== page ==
Using printing techniques to manufacture electronics assemblies is an attractive prospect for wide-area electronics. This is because printing techniques allow industry to make devices and structures over a much wider area than do semiconductor production systems. As printing processes are open to roll-to-roll processing, they are also a route to flexible electronics, (see: Printing electronics anywhere, e-tech August 2016.
IEC TC 119: Printed Electronics, works in this domain. It prepares Standards for the terminology, materials, processes, and equipment that will facilitate the industrial development of printed electronics. The ability to print onto flexible substrates over a wide area is an enabling technology for WSDs and in particular for textile electronics. As a result, TC 119 is looking closely at how printed electronics can support these developments.
It is currently preparing IEC/TR 62899-250, a Technical Report on “Material technologies required in Printed Electronics for Wearable Smart Devices”, due to be published in the first half of 2017. Further work is being initiated on documents covering materials for flexible WSDs, such as stretchable substrates and inks.
It is recognized within printed electronics that printing techniques alone cannot provide the entire functionality for the WSDs needed to implement AAL. For the foreseeable future, these wearables are likely to consist of hybrid devices, implemented through a combination of printed and conventional silicon electronics.
For this reason, there are active liaisons running between IEC TC 119, and IEC TC 47 and IEC TC 110: Electronic display devices. Assembling sensors into networks and connecting these with power and the outside world represents a significant challenge. IEC TC 91: Electronics assembly technology, is therefore similarly an important part of these liaison arrangements, which also provide a bridge between the relevant industries and a meeting place for discussions.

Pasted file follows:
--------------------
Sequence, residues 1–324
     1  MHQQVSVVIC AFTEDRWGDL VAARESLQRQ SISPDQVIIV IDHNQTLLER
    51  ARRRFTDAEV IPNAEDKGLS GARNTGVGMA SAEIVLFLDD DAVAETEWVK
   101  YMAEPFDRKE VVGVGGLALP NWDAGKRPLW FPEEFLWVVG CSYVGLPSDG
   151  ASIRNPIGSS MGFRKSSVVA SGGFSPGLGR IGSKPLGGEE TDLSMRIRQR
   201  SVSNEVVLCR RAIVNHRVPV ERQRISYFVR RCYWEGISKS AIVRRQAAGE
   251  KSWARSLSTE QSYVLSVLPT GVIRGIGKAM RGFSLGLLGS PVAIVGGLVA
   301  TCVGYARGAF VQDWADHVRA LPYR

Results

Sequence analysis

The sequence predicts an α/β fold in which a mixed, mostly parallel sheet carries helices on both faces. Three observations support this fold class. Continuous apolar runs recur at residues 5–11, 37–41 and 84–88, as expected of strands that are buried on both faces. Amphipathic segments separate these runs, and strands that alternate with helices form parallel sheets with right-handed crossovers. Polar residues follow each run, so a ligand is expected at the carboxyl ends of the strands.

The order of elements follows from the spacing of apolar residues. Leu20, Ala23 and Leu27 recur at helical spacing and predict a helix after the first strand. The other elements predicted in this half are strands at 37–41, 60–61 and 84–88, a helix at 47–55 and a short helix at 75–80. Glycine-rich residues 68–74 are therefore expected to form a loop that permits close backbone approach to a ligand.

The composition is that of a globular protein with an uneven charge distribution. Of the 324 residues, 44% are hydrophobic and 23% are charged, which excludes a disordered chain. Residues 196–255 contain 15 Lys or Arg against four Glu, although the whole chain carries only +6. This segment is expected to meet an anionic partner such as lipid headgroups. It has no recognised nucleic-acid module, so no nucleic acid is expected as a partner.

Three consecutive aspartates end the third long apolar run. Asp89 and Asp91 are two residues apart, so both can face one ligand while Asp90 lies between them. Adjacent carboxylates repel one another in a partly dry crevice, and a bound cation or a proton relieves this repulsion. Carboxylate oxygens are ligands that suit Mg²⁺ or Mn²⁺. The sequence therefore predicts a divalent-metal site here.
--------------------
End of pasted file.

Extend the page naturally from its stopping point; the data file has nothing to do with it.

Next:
The challenge of systems integration with a particular focus on WSDs was addressed in e-tech in January 2016.
Demand for Technologies
There is a real market demand for these technologies to come together in WSDs. AAL looks to be a likely stimulus for this. To actively facilitate this, it is necessary to give additional support and attention to this area.
The IEC Standardization Management Board (SMB) has responded to this need with the creation of a Strategy Group, SMB SG 10: Wearable Smart Devices, with the expectation that this group will make recommendations back to the SMB on the ways in which the IEC can best support this process. With a membership of representatives from the key IEC TCs previously mentioned, the first task for SG 10 was to come to an understanding of terminology in this area. The group identified the wealth of wearables-related activities going on within the IEC community but also highlighted some existing gaps.
These activities have culminated in a report for the SMB with recommendations on the route forward within this community and a set of priority actions.
Sensor networks integrated into IoT-connected wearable devices will be an enabling technology for AAL. The IEC community is already well placed to cover most of the standardization activities in this area, but some gaps remain and these have been addressed by SMB SG 10.
Working as a community, the IEC is well placed to help develop this technology for Active Assisted Living.